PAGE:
"We've got a couple of guys dealing with some family things and a couple of guys in school," Lewis said. . .
With his full complement of veteran running backs and wide receivers, QB Carson Palmer took about 65 percent of the snaps with the rest going to Jon Kitna and seventh-rounder Casey Bramlet. . .
After the first full-scale view of his 2004 roster, Lewis observed, "I think we're a lot faster. You can't tell your strength until you play football, but I know we had a great offseason as far as the weight room and running goes already since March 22 and it will show when we get to play in real games. I think we're in better shape because everybody knows what is expected. I don't think there was a fall-off from the end of the season until now. I think the biggest difference is that we have guys who have maintained all the way through." . . .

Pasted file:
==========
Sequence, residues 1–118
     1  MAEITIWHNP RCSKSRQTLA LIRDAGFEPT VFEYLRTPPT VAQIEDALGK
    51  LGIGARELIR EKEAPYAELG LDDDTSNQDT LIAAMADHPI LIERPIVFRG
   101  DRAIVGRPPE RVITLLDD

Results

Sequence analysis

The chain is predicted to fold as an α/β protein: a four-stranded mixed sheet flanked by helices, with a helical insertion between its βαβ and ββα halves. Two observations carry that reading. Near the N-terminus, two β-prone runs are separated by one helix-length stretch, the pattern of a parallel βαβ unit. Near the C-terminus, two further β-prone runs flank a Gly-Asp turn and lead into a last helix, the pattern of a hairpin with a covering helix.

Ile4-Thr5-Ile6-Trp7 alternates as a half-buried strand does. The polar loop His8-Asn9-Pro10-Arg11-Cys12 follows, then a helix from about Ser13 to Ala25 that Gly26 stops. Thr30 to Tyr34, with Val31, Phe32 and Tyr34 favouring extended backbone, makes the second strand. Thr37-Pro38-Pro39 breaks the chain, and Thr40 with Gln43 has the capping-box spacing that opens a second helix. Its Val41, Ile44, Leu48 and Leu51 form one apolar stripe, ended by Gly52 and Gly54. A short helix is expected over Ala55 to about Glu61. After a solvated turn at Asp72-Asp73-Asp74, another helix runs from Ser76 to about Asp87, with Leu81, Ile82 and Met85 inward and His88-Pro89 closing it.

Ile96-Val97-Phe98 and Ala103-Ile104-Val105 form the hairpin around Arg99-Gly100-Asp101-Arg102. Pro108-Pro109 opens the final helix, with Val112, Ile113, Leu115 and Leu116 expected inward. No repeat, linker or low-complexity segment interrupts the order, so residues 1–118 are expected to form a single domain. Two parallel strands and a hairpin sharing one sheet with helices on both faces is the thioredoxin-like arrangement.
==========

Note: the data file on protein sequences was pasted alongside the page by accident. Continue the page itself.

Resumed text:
Bengals RB Skip Hicks has been named NFL Europe Offensive Player of the Week for the second time this season after his 123-yard, two-touchdown performance in the Frankfurt Galaxy's 27-24 victory last Sunday over the Scottish Claymores. Hicks leads NFL Europe with 458 rushing yards and nine touchdowns (seven rushing, two receiving). He averaged 7.7 yards per rush on 16 carries against the Claymores, helping Frankfurt to a 6-1 record and a first-place tie with Berlin. Frankfurt hosts Berlin this Sunday at 1 p.m. EDT. The game is to be broadcast live on the NFL Network (Channel 212 on Direct TV), and will be replayed on the network at 8 p.m. EDT on Sunday. . .
Also Tuesday, the Bengals signed college free agent wide receiver Jay Chapman of St. Augustine's (N.C.) to a one-year contract.